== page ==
Kingdom of Heaven

Heavenly Hell

I’ll be honest. The ‘sword and sandal’ genre has never been on my list of movies I look forward to seeing. When asked to review Ridley Scott’s Kingdom of Heaven, I thought to myself: “But I’ve already seen Spartacus! Didn’t Scott have enough of this with Gladiator?” Then I looked at the credits and thought: “When will star Orlando Bloom get a part that doesn’t require him to wear a tunic?"

During the Crusades, Lord Godfrey (Liam Neeson) stops at a small village to ask forgiveness of his illegitimate son, Balian (Orlando Bloom, again a blacksmith). He also asks him to return to Jerusalem to help protect the king. Balian is then knighted by his father, and inherits his father’s mission: to protect the king and protect the people. Things get complicated when the Christians provoke the Muslim army and Jerusalem comes under attack. Abandoned by the other knights, Balian is left to rally the people and defend the Holy Land.

Production design is one of Scott’s strong suits (think Alien, Blade Runner, Black Hawk Down, Gladiator), and he delivers here as well-- this movie simply looks great. Costumes, sets and props all work together well to create a believable setting. Apparently this movie cost $140 million to make, and it’s all up there on the screen.

The special effects in this film are also awesome. I have a pretty good eye for spotting digital trickery, and I have to give this movie credit, it all looked pretty realistic. The wide shots of siege towers approaching Jerusalem supported by a massive Muslim army are very convincing. There is of course the obligatory virtual “helicopter shot” of the city (seen in just about every movie of this ilk) that spoils some of the effect for me, but this is quibbling. The effects guys should be proud.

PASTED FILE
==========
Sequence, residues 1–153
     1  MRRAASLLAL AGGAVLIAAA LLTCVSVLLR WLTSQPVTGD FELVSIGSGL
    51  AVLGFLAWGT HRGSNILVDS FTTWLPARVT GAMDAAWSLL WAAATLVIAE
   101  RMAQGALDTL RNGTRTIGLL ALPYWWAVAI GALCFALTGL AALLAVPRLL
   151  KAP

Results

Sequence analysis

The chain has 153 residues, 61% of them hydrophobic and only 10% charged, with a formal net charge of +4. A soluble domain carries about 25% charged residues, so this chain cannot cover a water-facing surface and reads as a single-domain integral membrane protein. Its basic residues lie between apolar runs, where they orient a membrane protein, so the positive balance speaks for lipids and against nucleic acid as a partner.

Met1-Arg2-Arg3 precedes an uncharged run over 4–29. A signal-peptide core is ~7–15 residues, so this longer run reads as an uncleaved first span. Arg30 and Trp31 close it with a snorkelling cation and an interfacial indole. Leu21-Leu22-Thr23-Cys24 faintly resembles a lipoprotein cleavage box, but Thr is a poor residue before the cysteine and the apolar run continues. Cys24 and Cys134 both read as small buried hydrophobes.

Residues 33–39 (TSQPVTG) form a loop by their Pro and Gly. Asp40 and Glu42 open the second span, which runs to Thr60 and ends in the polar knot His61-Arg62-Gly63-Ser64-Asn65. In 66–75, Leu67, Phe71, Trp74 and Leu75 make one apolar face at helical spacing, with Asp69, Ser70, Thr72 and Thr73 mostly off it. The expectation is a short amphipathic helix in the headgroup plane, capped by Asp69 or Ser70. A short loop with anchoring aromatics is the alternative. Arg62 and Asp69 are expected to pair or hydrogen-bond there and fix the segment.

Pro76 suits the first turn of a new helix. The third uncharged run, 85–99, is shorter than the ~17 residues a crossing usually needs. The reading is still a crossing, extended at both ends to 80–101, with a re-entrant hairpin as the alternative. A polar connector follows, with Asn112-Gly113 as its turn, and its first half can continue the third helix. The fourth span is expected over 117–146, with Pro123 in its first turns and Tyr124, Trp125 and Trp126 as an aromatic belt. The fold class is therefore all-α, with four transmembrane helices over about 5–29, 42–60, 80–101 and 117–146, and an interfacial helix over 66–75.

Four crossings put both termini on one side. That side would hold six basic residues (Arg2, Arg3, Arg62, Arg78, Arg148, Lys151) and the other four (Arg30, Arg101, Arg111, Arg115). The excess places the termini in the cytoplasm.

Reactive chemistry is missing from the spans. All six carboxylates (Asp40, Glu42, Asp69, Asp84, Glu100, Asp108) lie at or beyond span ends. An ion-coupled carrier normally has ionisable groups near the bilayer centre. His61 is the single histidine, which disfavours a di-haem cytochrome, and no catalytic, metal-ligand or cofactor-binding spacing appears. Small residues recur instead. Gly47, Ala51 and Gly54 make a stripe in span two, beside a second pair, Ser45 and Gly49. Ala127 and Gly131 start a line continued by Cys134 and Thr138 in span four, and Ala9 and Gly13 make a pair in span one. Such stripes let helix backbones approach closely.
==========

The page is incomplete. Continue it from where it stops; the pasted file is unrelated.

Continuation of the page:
In my opinion, the weakest link here is Orlando Bloom. While he does an okay job as Balian, his performance comes across as one note. His limited range (or perhaps William Monahan’s script) keeps us from relating to him. Surrounding him with great supporting actors (Jeremy Irons, David Thewlis and Brendan Gleeson) only makes him look more inadequate. I found it a bit hard to believe he could rally an army and inspire courage to fight overwhelming odds with his mousy looks and one-dimensional performance. Who would you rather follow into battle, Orlando Bloom or Russell Crowe?

Where the movie succeeds is in the military proceedings. The politics and strategy employed by the various armies is fascinating, and a pleasure to watch unfold (however brutal). At two-and-a-half hours long, I never felt bored, and everything was well-paced.

In the end, Kingdom of Heaven is a decent movie in this genre. I can’t say I’d want to see it again, but it’s probably one of the better sword-flinging flicks of late. On the other hand, go rent Spartacus!